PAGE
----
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Building an EU-UK Special Relationship

With Brexit, the European Union has lost one of its largest member states, and now must decide what kind of future relationship to pursue with the United Kingdom. Fortunately, beyond trade, there is a broad range of issues on which the two parties can cooperate.

BERKELEY – The European Union has lost one of its most important member states. The United Kingdom accounted for around one-sixth of the EU’s population and economy. Without it, the EU will still be one of the world’s premier economic powers, but it will suffer a loss of dynamism.

Still, there is hope for a fruitful, cooperative EU-UK relationship. The first step is to negotiate a trade agreement. But it would be a mistake to concentrate too much on the details of those talks. Trade is important to both sides, but the minutiae of the UK’s trading relationship with Europe will not determine its economic fate. The most likely outcome is a deal that eliminates tariffs for both sides, but even a return to standard World Trade Organization rules would not be the end of the world. While a better trade deal might prevent the loss of a few percentage points of GDP over the next decade, other variables, such as the quality of education, investment, and domestic regulation, are ultimately more important for growth.

In any case, the EU is much more than a market. It has its own currency and has abolished fiscal-policy frontiers across a massive geographic area. The UK did not participate in either of these key areas of integration and would not have done so anytime soon. As such, the EU has actually lost only a “one-third” member. The relationship with the UK needs to be managed properly. But the fact is that European leaders and policymakers have much more pressing issues to address. Brexit is now a sideshow.

Chief among the EU’s priorities is the European Green Deal, which is an area where the UK could continue to participate, given its shared concerns about climate change. In the long run, however, the EU’s efforts to complete the eurozone and the Schengen area of passport-free travel will put it and the UK on diverging paths.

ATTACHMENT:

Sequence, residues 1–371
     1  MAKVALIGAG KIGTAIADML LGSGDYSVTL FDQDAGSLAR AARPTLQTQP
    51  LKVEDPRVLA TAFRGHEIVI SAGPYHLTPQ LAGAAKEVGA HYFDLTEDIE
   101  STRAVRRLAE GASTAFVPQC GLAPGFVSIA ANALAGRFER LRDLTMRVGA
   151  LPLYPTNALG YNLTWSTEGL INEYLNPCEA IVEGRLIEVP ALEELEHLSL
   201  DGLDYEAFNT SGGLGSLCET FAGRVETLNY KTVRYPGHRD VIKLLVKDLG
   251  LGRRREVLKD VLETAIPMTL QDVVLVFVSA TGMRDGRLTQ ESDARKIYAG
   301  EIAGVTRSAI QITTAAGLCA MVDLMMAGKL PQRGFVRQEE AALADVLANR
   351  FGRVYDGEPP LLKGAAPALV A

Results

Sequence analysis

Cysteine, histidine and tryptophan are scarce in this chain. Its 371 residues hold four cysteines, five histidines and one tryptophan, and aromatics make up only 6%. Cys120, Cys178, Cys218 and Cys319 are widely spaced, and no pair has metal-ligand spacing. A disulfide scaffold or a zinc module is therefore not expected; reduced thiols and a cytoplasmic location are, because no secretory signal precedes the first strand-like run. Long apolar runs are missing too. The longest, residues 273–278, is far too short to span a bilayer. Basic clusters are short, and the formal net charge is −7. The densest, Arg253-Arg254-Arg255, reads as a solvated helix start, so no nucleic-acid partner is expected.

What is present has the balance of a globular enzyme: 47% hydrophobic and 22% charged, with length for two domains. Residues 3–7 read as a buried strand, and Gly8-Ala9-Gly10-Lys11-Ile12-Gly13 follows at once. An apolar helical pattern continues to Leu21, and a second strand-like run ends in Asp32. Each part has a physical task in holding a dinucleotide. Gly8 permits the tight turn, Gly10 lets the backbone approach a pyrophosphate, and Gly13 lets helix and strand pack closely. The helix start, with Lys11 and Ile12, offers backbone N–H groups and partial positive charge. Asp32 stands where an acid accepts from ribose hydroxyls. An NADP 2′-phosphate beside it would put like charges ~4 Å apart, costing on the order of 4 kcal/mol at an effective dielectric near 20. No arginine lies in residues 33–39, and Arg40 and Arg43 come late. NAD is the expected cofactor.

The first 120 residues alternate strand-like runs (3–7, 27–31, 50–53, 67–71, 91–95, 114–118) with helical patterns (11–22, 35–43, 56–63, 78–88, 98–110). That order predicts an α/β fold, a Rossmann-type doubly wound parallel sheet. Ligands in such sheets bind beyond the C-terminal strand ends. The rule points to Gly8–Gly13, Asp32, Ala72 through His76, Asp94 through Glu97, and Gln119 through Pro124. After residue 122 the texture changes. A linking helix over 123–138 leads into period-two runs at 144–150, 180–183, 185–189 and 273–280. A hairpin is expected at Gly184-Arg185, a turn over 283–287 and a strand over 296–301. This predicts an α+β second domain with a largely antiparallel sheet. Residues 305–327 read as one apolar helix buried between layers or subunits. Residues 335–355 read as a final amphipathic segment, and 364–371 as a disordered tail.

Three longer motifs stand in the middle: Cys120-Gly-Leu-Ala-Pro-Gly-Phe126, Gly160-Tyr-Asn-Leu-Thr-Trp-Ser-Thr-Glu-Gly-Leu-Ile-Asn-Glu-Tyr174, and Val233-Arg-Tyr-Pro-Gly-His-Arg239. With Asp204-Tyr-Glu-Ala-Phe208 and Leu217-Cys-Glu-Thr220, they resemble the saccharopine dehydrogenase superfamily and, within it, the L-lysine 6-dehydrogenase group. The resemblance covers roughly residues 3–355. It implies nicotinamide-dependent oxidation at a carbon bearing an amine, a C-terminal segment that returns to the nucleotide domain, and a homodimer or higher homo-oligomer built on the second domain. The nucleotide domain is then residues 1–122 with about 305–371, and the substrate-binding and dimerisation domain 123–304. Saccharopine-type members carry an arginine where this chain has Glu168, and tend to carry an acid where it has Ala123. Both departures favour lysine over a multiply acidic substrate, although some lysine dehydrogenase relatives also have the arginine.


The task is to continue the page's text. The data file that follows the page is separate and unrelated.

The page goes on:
Economists will continue to debate whether the euro was ever a good idea, with Anglo-Saxons sticking to the line that, “It can’t happen, it is a bad idea, it won’t last.” The euro crisis did seem to vindicate the UK’s skepticism. And yet opinion polls over the past few years show that the European population has moved beyond the academic debate. By the latest count, close to 80% of Eurobarometer respondents think the euro is “good for the EU.”

For younger generations that have never known any other currency, the very question of whether they would prefer some newly introduced national currency is nonsensical. There is a reason why Euroskeptic parties and candidates have consistently lost elections in which they have explicitly advocated an exit from the eurozone. Even an arch-populist like Matteo Salvini of the League party in Italy has abandoned the “No Euro” slogan on which he once ran.

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Similar political dynamics apply to passport-free travel. The Schengen area is still a work in progress, but the direction of its evolution is clear: rather than retreating on the principle of freedom of movement, member states are gradually reinforcing the EU’s external border. Over time, that will give voters confidence that they do not need permanent controls or fences between member states. True, there are still some internal controls left over from the 2016 refugee crisis, but these are exceptions that prove the rule. In most cases, however, Europeans enjoy passport-free travel on the continent.

In the UK, these advances have been dismissed as part of the much-derided quest for “ever closer union,” which the British electorate never embraced. Nonetheless, EU integration will continue among the remaining 27 members, leading to further projects that the UK probably would not have supported anyway. The most conspicuous (and long-term) of these projects is European defense. Ironically, while the UK was in the EU, it always opposed proposals for a joint defense force. But now that it is on its own, it supports the idea, because it will facilitate EU-UK defense cooperation.

The UK has already become accustomed to playing second fiddle in its “special relationship” with the United States, so it is not unreasonable to think that it could accept a similar relationship with the EU. In most cases, the UK would inevitably follow Europe’s lead, while maintaining its sense of cultural superiority at home. British diplomats would be able to revive their pre-membership tradition of remaining aloof and mystified by European polyglots’ impractical schemes.

Of course, for such an arrangement to work, the EU will have to make a good-faith effort to consider the UK’s legitimate interests. That will require overcoming some bad habits. In its dealings with other neighbors, including the Balkan countries, Ukraine, and even Norway and Switzerland, the EU tends to behave like an acknowledged hegemon, often assuming a “take it or leave it” position.

To be sure, in economic terms, the EU’s relative size speaks for itself. But it is the UK that will be stronger in many other areas, not least security and intelligence, where the EU has limited capacity, while most individual member states have almost none at all.

Given these broader considerations, the EU would be mistaken to exploit its economic advantage when the trade talks start at the beginning of March. Brexit could ultimately lead to a productive special relationship in which the UK remains a close partner of the EU and makes a valuable contribution to Europe’s peace and prosperity.

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